CM is a fatal disease as could be shown in a study in Malawi in 1994 where mortality was 81% with a median survival of 4 days for patients who did not receive antifungal chemotherapy because they could not afford. [20] In our study, the case fatality rate of 52%, though high it was in line with findings of other studies. [22],[27],[28] This high fatality rate could be related first to the natural history of CM and secondly to the inappropriate management issues in our milieu, which need to be addressed. [29] During our study period, the only available treatment (and until date) was generic fluconazole, whose availability was not sustained. In high income settings, the preferred regimen is induction therapy with amphotericin B intravenously plus flucytosine orally for 2 weeks followed by consolidation therapy with fluconazole after significant clinical improvement and negative CSF culture. [30] The use of flucytosine in this regimen is associated with more rapid mycological response and relapses may be less likely to occur. [31] In resource limited settings, these drugs are not available because of their high price. More so, most centers cannot handle amphotericin B administration due to its high toxicity, which requires close laboratory monitoring. The sustained introduction and safe use of these drugs in such settings are therefore indispensable in reducing case fatality associated with CM. Adjuvant to appropriate antifungal chemotherapy is the management of increased intracranial pressure, one of the most critical determinants of outcome of CM. [32] In patients with suspected CM, CSF opening pressure measurement during the LP should be done because it has been shown to be an indicator of more severe symptoms and increased mortality. [32] In our study population, CSF opening pressure was never measured, a factor which could in part explain our high case fatality. Consequently, clinicians caring for HIV patients should routinely measure CSF opening pressure during LP and consider aggressive repeated high-volume CSF drainage in CM patients when this pressure exceeds 25 cm H 2 O. [32] More so our high case fatality was observed mostly in men. This could be simply because in Cameroon, women are more easily accessible to screening for HIV than men because it is a routine practice to screen all pregnant women for HIV. As such, early diagnosis and hence treatment could prevent severe immune depression. The fact that men were dying more could be because they present to hospitals late in a state of advanced immune depression most especially as very low CD4 cell count was a factor in this study, strongly associated with death. Another study similarly found that most patients with CM had less 100 CD4 cells. [33]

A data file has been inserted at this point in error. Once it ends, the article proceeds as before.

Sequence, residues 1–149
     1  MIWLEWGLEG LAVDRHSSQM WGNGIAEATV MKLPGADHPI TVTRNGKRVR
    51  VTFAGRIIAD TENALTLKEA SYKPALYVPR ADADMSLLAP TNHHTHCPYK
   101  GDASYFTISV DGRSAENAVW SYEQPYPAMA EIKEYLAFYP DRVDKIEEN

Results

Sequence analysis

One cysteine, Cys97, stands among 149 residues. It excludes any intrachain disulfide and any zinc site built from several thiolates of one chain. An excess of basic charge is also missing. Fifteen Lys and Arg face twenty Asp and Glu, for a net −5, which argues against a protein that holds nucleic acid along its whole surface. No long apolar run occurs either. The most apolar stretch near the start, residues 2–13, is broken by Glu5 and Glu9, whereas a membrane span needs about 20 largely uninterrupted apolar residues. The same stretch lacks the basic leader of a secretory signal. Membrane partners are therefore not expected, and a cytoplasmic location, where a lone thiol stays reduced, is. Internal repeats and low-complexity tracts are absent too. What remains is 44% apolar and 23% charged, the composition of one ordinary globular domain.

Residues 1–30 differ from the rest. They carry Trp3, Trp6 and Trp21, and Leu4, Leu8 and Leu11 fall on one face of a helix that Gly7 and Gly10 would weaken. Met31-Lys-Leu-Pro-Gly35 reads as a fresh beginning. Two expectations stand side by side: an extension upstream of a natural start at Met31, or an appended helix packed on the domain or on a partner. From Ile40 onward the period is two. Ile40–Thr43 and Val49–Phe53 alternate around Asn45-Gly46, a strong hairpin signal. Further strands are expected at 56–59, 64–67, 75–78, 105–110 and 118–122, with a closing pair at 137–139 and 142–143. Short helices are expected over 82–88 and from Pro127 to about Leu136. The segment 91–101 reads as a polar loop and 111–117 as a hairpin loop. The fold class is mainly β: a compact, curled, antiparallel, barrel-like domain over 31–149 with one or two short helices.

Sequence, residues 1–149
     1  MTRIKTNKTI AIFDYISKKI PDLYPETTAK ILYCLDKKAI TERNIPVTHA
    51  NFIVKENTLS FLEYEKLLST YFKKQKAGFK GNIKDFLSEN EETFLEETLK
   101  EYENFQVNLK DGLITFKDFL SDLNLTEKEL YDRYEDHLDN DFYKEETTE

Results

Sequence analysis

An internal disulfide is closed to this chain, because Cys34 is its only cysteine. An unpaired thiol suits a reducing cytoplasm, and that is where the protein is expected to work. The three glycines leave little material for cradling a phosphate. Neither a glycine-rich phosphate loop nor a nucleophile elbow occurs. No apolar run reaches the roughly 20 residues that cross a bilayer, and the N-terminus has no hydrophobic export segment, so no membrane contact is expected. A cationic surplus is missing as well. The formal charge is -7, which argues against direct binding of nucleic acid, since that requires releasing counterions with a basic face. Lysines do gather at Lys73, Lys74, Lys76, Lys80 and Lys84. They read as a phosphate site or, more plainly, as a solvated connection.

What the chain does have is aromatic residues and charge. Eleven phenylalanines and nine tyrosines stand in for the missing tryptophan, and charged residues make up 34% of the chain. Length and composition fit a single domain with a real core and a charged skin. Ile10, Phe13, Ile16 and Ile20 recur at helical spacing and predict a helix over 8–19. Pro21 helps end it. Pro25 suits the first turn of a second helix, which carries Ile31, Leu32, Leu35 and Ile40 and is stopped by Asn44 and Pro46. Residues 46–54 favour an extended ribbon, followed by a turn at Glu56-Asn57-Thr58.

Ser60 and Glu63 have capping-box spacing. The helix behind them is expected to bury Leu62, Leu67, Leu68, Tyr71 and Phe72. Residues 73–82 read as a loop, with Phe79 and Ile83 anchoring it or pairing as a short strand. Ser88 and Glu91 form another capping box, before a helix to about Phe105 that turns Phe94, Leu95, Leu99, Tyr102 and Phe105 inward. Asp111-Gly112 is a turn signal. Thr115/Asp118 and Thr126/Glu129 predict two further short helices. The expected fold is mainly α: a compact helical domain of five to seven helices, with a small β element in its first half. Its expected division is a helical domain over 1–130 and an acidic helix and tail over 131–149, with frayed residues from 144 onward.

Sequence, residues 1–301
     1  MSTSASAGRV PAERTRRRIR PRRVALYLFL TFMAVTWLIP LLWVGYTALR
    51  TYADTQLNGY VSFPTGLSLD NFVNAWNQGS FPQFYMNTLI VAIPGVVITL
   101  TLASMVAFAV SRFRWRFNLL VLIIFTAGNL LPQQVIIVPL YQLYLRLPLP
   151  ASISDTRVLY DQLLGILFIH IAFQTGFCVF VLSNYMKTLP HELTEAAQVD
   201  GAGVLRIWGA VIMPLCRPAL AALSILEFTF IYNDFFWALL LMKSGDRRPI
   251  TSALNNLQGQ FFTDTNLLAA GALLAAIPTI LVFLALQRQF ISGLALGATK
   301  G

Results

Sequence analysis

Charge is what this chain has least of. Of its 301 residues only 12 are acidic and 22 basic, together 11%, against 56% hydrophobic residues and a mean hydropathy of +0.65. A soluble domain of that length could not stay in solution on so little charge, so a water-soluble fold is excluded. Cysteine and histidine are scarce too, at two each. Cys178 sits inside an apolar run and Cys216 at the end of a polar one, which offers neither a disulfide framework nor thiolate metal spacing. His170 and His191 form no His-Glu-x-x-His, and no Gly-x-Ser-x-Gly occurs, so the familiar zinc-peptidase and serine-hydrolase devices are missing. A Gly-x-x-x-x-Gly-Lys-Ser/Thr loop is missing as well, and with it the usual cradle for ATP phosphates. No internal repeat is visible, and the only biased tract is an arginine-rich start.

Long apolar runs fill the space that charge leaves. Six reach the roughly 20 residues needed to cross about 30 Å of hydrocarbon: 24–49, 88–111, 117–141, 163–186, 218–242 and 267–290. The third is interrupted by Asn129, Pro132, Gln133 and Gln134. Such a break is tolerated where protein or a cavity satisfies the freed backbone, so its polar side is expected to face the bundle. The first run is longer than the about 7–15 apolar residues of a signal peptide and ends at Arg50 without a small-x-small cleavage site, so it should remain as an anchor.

This study had certain limitations. Firstly, its retrospective nature involving data abstraction from clinical case notes was a source of bias due to missing data most especially as patient findings are not always recorded the same way. Secondly, choosing to study only patients with a confirmed diagnosis of CM might have led to a gross underestimation of the burden of CM in AIDS patients admitted to the Douala General hospital during the study period. Thirdly, the relatively small sample size, though reflecting the reality of confirmed CM during the study period, limited statistical analysis and did not allow the measurement of the magnitude of association between CM and other covariates. Fourthly, the study period was when ART was still being introduced in Cameroon, with very few patients being inconsistently on HIV treatment due to a low scale up at the time. The fact that the effects of ART were not included in the analysis, might have confounded the high case fatality we found. Finally, being a hospital based study in an institution where access to care is not affordable to many, the findings could not be generalized to the Cameroonian setting. However, the study has permitted the identification of the flaws in the diagnosis and appropriate management of CM, which if properly addressed, would go a long way to decrease the high mortality associated with CM in our setting.


CM is common among HIV-infected patients in Douala. Up-to-date, cheap, easy to use and highly sensitive diagnostic methods for CM are indispensable for the proper estimation of the burden of CM in Cameroon. The introduction and optimization of standard antifungal chemotherapy, an aggressive adjuvant management of high CSF opening pressure as well as increased use of ART are important factors to be considered in order to reduce the morbidity and mortality associated with CM in Cameroon.